(Images provided by the NFB)
September 16, 2021 – Montreal – National Film Board of Canada (NFB)
Following an award-winning showing at the Rendez-vous Québec Cinéma, Renée Blanchar’s feature documentary Le silence (The Silence) will open in theatres on Friday, September 24. The film will be presented in its original French version in Montreal at the Cinémathèque québécoise, in Quebec City at Cinéma Cartier and Cinéma Le Clap, and in Sherbrooke at the Maison du cinéma. Le silence tackles a difficult topic—the sexual abuse perpetrated by Catholic priests against young boys in francophone New Brunswick—with great sensitivity. Probing the root causes of the collective silence that paralyzed the affected communities for so many years, the veteran Acadian filmmaker offers an enlightened take on a human drama that’s playing out practically across the globe. With pedophilia scandals making the news on a regular basis, the film underscores the unimaginable devastation left wherever such horrors may unfold, be it in Acadia, Quebec or elsewhere. Co-produced by Ça Tourne Productions and the NFB in association with Radio-Canada, Le silence is an urgent call-out to the humanity in each of us.
Blanchar confronts silence with truth to deliver a film that’s shattering, personal and necessary. Deeply rooted in her community, she had unknowingly come close to an abusive priest while shooting her first documentary, Vocation ménagère (1996), in Acadian parishes. This time, flanked by a seasoned team that included cinematographer Philippe Lavalette and sound designer Sylvain Bellemare (whose work on Denis Villeneuve’s Arrival won him an Oscar), the filmmaker went to meet the victims. The heartbreaking testimonials of men like Jean-Paul, Victor and Lowell vividly highlight how the ordeal of abuse destroys lives. Silenced for too long, their courageous decision to finally name their perpetrators brings with it hope for justice and healing.
About the film
Le silence by Renée Blanchar (106 min)
Co-produced by Ça Tourne Productions (Maryse Chapdelaine) and the NFB’s Canadian Francophonie Studio in Moncton (Christine Aubé), in collaboration with Radio-Canada
Awards: La Vague Léonard-Forest Award for Best Acadian Medium-length or Feature Film, FICFA 2020; Award for Best French-Canadian film, Rendez-vous Québec Cinéma 2021
Why be silent about the most serious matters? Doesn’t silence perpetuate suffering? From the 1950s to the 1980s, Catholic priests sexually abused many young boys in the francophone towns of New Brunswick. These scandals only came to light when the victims were in their fifties and older, provoking shock and outrage in the media and the public. Why did the affected communities keep silent so long, preferring secrecy to justice and truth? Using their positions of influence to impose a “pious silence” on their parishioners, some authority figures essentially built a system of abuse that says as much about the oppression experienced by the Acadian population as it does about the blanket denials issued by the Catholic Church—all of which Quebecers can readily understand. Called to confront the power of this collective silence, veteran filmmaker Renée Blanchar meets with survivors in an attempt to untangle the deeply rooted reasons for this secrecy. With Le silence, she takes us as close as she can to the humanity of these broken men, revealing the multiple and far-reaching consequences of silence, not just for the communities affected, but for society as a whole.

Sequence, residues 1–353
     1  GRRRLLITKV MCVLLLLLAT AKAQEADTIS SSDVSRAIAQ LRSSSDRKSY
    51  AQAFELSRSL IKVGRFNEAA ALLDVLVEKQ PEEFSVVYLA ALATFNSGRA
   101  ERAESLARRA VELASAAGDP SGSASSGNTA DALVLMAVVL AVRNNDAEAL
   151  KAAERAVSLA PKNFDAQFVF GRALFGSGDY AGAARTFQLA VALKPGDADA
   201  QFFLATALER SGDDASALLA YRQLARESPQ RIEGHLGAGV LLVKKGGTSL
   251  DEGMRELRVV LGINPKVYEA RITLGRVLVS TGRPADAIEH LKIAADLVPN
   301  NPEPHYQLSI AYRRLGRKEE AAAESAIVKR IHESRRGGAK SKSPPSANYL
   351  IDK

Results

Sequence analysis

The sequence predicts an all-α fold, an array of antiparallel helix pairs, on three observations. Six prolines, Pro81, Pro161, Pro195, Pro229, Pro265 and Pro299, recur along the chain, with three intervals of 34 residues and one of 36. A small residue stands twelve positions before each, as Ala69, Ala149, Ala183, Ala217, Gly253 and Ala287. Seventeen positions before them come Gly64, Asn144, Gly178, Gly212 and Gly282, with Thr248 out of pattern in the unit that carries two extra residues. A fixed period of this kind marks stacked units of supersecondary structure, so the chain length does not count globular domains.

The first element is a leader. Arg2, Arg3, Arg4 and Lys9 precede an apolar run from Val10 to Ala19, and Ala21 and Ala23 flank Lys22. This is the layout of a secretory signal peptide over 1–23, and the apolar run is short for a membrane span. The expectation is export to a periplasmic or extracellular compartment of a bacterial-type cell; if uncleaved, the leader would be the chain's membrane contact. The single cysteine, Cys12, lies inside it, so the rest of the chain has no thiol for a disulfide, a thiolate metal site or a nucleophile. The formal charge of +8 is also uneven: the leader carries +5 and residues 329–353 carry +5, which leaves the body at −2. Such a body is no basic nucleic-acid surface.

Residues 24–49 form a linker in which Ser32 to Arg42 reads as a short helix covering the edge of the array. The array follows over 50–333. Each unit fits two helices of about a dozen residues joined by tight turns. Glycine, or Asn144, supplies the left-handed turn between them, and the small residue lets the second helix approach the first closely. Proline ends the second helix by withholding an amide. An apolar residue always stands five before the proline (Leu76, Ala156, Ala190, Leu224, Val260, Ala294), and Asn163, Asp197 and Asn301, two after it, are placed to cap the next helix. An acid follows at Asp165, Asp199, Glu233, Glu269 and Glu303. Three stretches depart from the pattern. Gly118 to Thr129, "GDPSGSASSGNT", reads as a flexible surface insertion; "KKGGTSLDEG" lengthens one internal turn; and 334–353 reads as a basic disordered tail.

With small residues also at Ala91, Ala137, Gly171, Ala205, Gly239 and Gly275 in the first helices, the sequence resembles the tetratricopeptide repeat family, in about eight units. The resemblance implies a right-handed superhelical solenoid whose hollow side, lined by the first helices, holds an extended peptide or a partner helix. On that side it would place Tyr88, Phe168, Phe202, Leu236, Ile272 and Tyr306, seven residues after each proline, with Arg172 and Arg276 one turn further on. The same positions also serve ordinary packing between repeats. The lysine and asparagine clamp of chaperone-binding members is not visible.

About the filmmaker
Filmmaker Renée Blanchar studied cinema in France before returning to develop a successful career in film and television while working from her hometown in New Brunswick. Her work has in many ways blazed a trail not just for Acadian cinema but for women in the film industry everywhere. Renée made her mark in television drama as the director of the series Belle-Baie for five seasons (2008–2012). She’s currently working on a series on the life and work of writer Gabrielle Roy. Like her most recent film, her documentaries are noted for their powerful subject matter and their ability to reveal the depths of the protagonists’ humanity. Le silence (2020), Raoul Léger, la vérité morcelée (Raoul Léger: The Elusive Truth, 2002) and On a tué l’Enfant-Jésus (A Hospital Crucified, 2007) all won the La Vague Prize for Best Acadian Film at the Festival international du cinéma francophone en Acadie (FICFA). Les héritiers du club (A Place That Matters, 2014) and Nos hommes dans l’Ouest (Shadow Men, 2017) have also resonated strongly within and beyond their own milieux. Most of Blanchar’s work has been written and directed from her home base in the city of Caraquet, New Brunswick.
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Electronic Press Kit | Images, trailer, synopses: The Silence
Rendez-vous Québec Cinéma
Festival international du cinéma francophone en Acadie
Ça Tourne Productions
French version here | Version française ici.